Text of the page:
Twitter and Facebook diverge on political ads

Twitter CEO Jack Dorsey.
Twitter CEO Jack Dorsey.
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Twitter CEO Jack Dorsey.

Twitter and Facebook diverge on political ads

This news comes a week after Facebook CEO Mark Zuckerberg's hearing that addressed political ads.
October 31, 2019

Twitter is about to get a bit less political. On Wednesday, Twitter CEO Jack Dorsey announced that the company would stop all political advertising starting next month. The announcement – made via, what else, a tweet – is well-timed, coming just a week after Facebook CEO Mark Zuckerberg walked away from a hearing about the cryptocurrency Libra having made more headlines about political ads than the planned digital currency itself. Zuckerberg and his company have come under scrutiny for declining to fact-check ads paid for by politicians on its site.

Twitter’s decision to take political ads entirely off its platform puts Dorsey in a position to be praised given the blowback Zuckerberg faced for taking the opposite route. Already, Twitter’s decision has caught the attention of New York lawmakers like state Sen. Gustavo Rivera and Rep. Alexandria Ocasio-Cortez. The latter, a capable Tweeter herself, lauded Dorsey’s call. “Not allowing for paid disinformation is one of the most basic, ethical decisions a company can make,” Ocasio-Cortez wrote on Twitter.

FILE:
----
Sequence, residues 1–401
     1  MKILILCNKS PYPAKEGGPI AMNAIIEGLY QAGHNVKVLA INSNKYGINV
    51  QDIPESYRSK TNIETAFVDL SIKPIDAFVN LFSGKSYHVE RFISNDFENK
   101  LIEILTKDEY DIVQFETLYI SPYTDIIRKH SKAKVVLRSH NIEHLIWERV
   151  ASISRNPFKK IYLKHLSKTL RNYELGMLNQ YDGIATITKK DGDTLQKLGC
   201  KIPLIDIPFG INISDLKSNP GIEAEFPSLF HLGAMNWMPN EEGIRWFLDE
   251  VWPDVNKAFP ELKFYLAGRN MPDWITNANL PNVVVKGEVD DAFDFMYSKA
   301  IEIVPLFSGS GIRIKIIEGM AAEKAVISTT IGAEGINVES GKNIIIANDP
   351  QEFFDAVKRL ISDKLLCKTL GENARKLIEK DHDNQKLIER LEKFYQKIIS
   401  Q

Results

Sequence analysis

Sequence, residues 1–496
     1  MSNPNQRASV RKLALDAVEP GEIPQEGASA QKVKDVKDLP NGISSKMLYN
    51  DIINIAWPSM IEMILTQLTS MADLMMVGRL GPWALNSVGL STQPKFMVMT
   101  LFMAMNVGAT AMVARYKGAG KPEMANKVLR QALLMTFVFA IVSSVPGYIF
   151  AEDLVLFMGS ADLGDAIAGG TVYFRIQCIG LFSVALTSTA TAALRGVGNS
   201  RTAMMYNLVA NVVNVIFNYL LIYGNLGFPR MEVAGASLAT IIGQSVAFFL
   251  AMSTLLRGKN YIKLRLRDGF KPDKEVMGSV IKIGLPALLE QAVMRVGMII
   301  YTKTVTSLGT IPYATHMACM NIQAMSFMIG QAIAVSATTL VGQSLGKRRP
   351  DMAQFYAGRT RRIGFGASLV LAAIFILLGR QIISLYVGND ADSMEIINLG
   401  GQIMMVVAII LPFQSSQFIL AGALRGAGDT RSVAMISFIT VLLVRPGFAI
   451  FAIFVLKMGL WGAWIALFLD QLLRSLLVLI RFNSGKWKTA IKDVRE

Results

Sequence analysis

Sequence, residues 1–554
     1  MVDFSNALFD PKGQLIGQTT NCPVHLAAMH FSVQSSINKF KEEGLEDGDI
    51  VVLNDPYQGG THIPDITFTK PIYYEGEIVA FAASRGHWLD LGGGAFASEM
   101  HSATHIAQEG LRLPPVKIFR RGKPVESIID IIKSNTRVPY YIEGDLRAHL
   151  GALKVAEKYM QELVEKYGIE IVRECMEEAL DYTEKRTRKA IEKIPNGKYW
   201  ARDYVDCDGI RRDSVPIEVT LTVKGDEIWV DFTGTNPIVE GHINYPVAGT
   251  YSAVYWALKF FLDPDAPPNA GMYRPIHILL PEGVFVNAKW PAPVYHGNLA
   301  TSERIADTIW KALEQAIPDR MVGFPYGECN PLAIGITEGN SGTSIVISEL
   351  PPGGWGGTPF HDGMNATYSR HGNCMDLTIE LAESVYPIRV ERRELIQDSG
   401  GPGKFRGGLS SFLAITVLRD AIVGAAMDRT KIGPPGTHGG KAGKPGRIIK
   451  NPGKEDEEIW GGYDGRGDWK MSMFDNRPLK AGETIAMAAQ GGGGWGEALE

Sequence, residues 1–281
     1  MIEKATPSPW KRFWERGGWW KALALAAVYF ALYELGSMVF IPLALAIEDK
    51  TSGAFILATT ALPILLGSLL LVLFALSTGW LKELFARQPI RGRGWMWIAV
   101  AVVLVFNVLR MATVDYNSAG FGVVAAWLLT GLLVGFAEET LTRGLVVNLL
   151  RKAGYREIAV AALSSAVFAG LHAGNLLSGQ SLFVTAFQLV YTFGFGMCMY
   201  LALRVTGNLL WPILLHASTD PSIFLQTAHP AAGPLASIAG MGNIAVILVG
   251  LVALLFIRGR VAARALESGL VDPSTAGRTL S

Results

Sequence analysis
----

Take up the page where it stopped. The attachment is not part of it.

All this, however, is not to say that Twitter will be devoid of politics. Liberals tend to argue that the company ought to ban more users like controversial alt-right figure Milo Yiannopoulos, while conservatives argue that social media platforms like Twitter are biased against them. Politicians and issues groups may no longer be able to pay to spread their messages on Twitter, but that won’t stop the platform from being one of the centers of digital political discourse.

For the rest of today's tech news, head over to First Read Tech.

Annie McDonough
Annie McDonough
is a tech and policy reporter at City & State.
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